This pale pink smoothie can win over even the pickiest of eaters. The strawberry, pomegranate, and banana flavor combo is a surefire crowd-pleaser—and the omega-packed hemp seeds hiding inside are barely detectable.
Your morning coffee might seem like decaf after a sip of this energizing smoothie. Cacao powder delivers a potent hit of caffeine, while almond butter and chia seeds add plenty of protein and omega-3s.
After a weekend of indulgence, hit the reset button with a rejuvenating blend of fresh cucumber and mint leaves, both of which help boost digestion (especially when paired with tart, fiber-rich green apples).
Think of this tropical smoothie as a lightened-up piña colada. There’s no alcohol or added sugar, but it’s packed with healthy fats, omega-3s, and vitamin C.
Beets, hailed in Ayurvedic medicine for their liver-cleansing properties, give this bowl a showstopping deep magenta hue. Pineapple and blueberries lend a touch of sweetness, and ginger adds a hint of spice.
Here’s a stunning treat with not one, not two, but five different layers. Three different types of ice-cold fruit smoothies offer a nice contrast to creamy chia pudding and tart mashed berries. With antioxidants from the berries and protein from the chia, it’s healthy enough for breakfast, yet indulgent enough for dessert.
Ultra smooth and creamy, cashew milk is the queen of non-dairy beverages. We’ve amped this recipe with the addition of medjool dates for sweetness and traditional chai spices.
A salad of peppery watercress, tart grapefruit, and fresh herbs is just the thing for a light lunch. To make it more filling, slice a ripe avocado over the top and throw in an extra tablespoon of cashews.
Running the vegetable peeler over carrots creates long, thin ribbons that stand in for rice noodles for our raw take on pad thai. Tossed with a spicy and savory sauce made from almond butter, coconut aminos, ginger, and garlic, the flavor of the dish comes pretty close to the real thing!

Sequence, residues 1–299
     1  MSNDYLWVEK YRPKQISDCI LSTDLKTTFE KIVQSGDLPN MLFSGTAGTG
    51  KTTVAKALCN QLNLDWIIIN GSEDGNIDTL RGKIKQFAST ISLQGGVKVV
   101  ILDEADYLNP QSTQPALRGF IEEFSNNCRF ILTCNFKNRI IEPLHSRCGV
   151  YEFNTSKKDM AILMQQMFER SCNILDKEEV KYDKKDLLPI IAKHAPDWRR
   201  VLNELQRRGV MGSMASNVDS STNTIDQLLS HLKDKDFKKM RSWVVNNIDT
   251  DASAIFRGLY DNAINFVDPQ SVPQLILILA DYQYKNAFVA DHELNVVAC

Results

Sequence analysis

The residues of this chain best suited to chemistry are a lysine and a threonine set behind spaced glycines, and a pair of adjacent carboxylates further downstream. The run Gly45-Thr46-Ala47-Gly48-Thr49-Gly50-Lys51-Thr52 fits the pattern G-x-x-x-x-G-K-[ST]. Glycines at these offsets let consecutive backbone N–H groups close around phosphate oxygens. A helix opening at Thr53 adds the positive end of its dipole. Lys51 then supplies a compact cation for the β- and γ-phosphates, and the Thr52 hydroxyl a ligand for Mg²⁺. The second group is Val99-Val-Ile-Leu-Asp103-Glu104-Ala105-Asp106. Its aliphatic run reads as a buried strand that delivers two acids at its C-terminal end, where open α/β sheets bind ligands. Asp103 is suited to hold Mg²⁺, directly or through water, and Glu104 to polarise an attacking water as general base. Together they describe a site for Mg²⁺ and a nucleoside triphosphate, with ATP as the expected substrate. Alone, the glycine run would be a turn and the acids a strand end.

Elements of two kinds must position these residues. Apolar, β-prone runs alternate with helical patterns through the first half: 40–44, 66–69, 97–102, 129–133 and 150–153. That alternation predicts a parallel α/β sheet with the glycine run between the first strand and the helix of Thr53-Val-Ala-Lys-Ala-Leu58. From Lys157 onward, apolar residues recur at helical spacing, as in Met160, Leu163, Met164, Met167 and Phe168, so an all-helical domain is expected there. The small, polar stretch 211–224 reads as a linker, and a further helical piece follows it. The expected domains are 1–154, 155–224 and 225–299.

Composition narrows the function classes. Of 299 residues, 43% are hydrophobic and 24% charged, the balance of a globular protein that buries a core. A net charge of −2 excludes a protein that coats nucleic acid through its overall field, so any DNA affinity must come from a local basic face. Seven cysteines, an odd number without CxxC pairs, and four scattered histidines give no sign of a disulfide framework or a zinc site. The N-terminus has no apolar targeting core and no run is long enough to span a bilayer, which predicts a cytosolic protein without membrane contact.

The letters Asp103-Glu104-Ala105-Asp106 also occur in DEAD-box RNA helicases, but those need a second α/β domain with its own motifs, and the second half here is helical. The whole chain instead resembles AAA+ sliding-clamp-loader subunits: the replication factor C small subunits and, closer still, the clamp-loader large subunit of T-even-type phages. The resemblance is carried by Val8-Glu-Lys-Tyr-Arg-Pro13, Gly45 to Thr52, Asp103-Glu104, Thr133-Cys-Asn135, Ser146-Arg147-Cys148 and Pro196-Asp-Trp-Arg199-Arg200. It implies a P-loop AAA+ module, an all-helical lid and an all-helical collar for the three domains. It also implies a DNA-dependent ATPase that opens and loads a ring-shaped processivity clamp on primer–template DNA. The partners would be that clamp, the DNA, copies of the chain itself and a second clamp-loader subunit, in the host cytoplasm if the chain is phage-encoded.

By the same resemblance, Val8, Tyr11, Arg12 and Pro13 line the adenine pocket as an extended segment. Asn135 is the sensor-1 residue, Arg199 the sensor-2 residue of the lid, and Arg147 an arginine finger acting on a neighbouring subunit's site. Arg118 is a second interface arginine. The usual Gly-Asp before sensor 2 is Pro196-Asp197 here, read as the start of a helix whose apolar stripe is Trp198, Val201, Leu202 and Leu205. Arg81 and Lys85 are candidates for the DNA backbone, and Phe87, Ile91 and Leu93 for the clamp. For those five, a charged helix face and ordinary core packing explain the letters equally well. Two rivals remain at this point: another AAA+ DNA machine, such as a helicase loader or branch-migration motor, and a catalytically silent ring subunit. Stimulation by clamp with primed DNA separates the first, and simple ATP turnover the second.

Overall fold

As colorful as it is tasty, this veggie bowl brings together pretty much everything but the kitchen sink: carrots, tomato, cucumber, pea shoots, hemp seeds, cashews—plus a generous dollop of tahini sauce to finish the whole thing off.
Left raw, the delicate sweetness of fresh squash blossoms really shines. Pipe them full of raw “ricotta” made from pine nuts and nutritional yeast for an elegant appetizer your guests won’t forget any time soon.
Plain raw kale can be too fibrous and tough to chew. But massaging it with lemon juice and olive oil, as in Dr. Mark Hyman’s recipe, makes the leaves perfectly tender. Toss with garlic, pine nuts, and kalamata olives for a quick salad you’ll love for lunch and dinner.
Soaked and puréed almonds pair beautifully with the Mediterranean flavors of olive oil, tahini, garlic, and sage here. Try it with celery or carrot sticks for a vegan appetizer.
Watermelon and tomatoes have so much in common: they’re both red, juicy, and in season every July. Make the most of the summer’s bounty with a simple salad laced with mint and cayenne pepper.
Eating healthy doesn’t have to mean giving up your favorite foods—just tweak them to fit your new requirements. Soaked cashews give the finished dressing all the creaminess of buttermilk, while fresh parsley and chives add that classic ranch flavor.
No dairy needed here—rich coconut milk whipped until thick and fluffy makes for an uber-creamy ice cream. Earthy matcha green tea adds a mellow sweetness that tastes beyond refreshing on a hot day.
Raw almonds and coconut have never tasted so good. Like the beloved Girl Scout cookie, our samoas are covered in coconut caramel and drizzled with chocolate. The only difference: we left out the highly processed ingredients and swapped in almonds, dates, and shredded coconut.
Spicy ginger and zesty orange lighten up the decadent cacao flavor of these easy raw truffles. Since they get their sweetness from medjool dates, they’re healthy enough to pop as a mid-afternoon snack.
We reimagined classic jam-filled cookies as raw, no-bake treats by exchanging the butter and flour for rolled oats, almonds, and coconut oil, and letting them set up in the fridge. Between the crumbly texture and sweet fruit filling, they’re just as satisfying as real thing.
Make your own ice cream sundaes with a scoop of raw, coconut milk ice cream drizzled with date caramel, and if you’re feeling extra fancy, some cacao nibs sprinkled over top. The result is seriously dreamy.
Think banana cream pie and chocolate mousse rolled into one mouthwatering dessert. Chia seeds are the hero ingredient here, both in the tapioca-like pudding and fluffy mousse. A layer of banana purée in the middle brings it all together.
Craving ice cream? Bust out the blender for a vanilla, chocolate, and strawberry smoothie. It has all the flavor of the classic childhood dessert, but none of the dairy or refined sugar.
Photo credit: Paul Delmont